A pulmonary embolism (PE) is a blood clot that blocks an artery in your lungs, preventing the blood from following its normal path. If you or a loved one has had a pulmonary embolism, you understand the severity of the medical condition ― PE can cause lung damage and reduce oxygen levels in the body. Usually, this type of clot starts in a vein deep in the legs when a person does move around for a short time ― as demonstrated on long flights or during assigned medical bed rests. When these blood clots form, doctors refer to the condition as Deep Vein Thrombosis (DVT). If the clot breaks loose and travels to the lungs, it is then referred to as a PE.
Symptoms of a Pulmonary Embolism
Symptoms of a PE vary based on the size and location of the clot. Here is what to look out for:
- Difficulty breathing or shortness of breath
- Coughing up blood
- Abnormal sweating
- Nails or lips turning blue
- Severe pain in the chest and/or back
- Loss of consciousness
The best way to prevent a PE may be to watch for the signs of deep vein thrombosis. Those include:
- Swelling in the arms and legs, especially if the extremity becomes warmer than usual
- Veins in the arms and legs that appear larger than usual
- Pain in your legs when you stand or walk
- Redness or discoloration in the arms or legs
Diagnosing a Pulmonary Embolism
If your vein doctor suspects a PE, he or she will start with a physical examination, looking for swelling, discoloration, or unusual warmth to the touch. A variety of diagnostic tests may be used as well, including ultrasounds, x-rays, and blood tests. If a clot has been present but has since broken down, a blood test can pick up a protein called D dimer. Other common steps in the examination may include:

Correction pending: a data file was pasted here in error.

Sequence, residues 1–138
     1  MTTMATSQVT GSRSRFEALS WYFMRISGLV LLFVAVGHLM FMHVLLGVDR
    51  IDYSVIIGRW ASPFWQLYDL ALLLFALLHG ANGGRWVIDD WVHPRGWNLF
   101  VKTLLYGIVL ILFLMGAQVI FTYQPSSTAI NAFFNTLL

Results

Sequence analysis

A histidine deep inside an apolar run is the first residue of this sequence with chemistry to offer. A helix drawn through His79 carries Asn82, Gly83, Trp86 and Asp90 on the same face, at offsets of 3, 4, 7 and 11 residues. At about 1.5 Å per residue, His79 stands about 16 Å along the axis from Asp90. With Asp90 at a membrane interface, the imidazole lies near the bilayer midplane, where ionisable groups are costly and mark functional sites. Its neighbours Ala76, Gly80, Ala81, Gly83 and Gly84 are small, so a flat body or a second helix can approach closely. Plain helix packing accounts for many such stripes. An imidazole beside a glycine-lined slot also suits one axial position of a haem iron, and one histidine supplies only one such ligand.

- The use of computed tomographic angiography (CTPA). This is a type of x-ray that involves injecting a contrast dye into the veins to show the blood vessels in the lungs.
- A ventilation/perfusion scan (V/Q). If a CTPA is not available or not medically appropriate for the patient, a V/Q scan uses a radioactive material to show how air and blood are flowing through the lungs. If air is moving normally, but blood flow is low to a particular area, a clot may be the cause.
- The use of pulmonary angiography, which is the most accurate test to determine if a PE is present. If previous tests are inconclusive, a pulmonary angiography may be the next step. The procedure involves inserting a catheter into the groin and up into the arteries in the lungs. Dye is injected into the catheter to illuminate the vessels in the lungs.
- An MRI if the patient is pregnant or cannot tolerate the contrast dye used in other procedures.
- An echocardiogram which presents an image of the heart via ultrasound. While it can’t tell your doctor whether you have a PE, it can show whether the heart is under strain.
Treating a Pulmonary Embolism
Blood thinners, also known as anticoagulants, are the most common treatment for a pulmonary embolism. Warfarin and heparin are the two most common. Warfarin is taken orally in pill form to treat and prevent blood clots, whereas heparin is given intravenously or by injection, keeping future clots from developing.
Anticoagulants do not dissolve any clots already present; typically, the body does that on its own over time. Anticoagulants do serve two important purposes, however, they keep the embolism from getting any larger and prevent any new clots from forming. These treatments are given in the hospital, and how long you have to stay depends on the severity of your condition.
Meet With a Pulmonary Embolism Expert at Gilvydis Vein Clinic
A pulmonary embolism is a medical emergency, so if you experience any of these signs and symptoms, seek medical attention right away. Gilvydis Vein Clinic aims to ensure individuals know what to look for, providing better help for themselves or someone else developing this problem.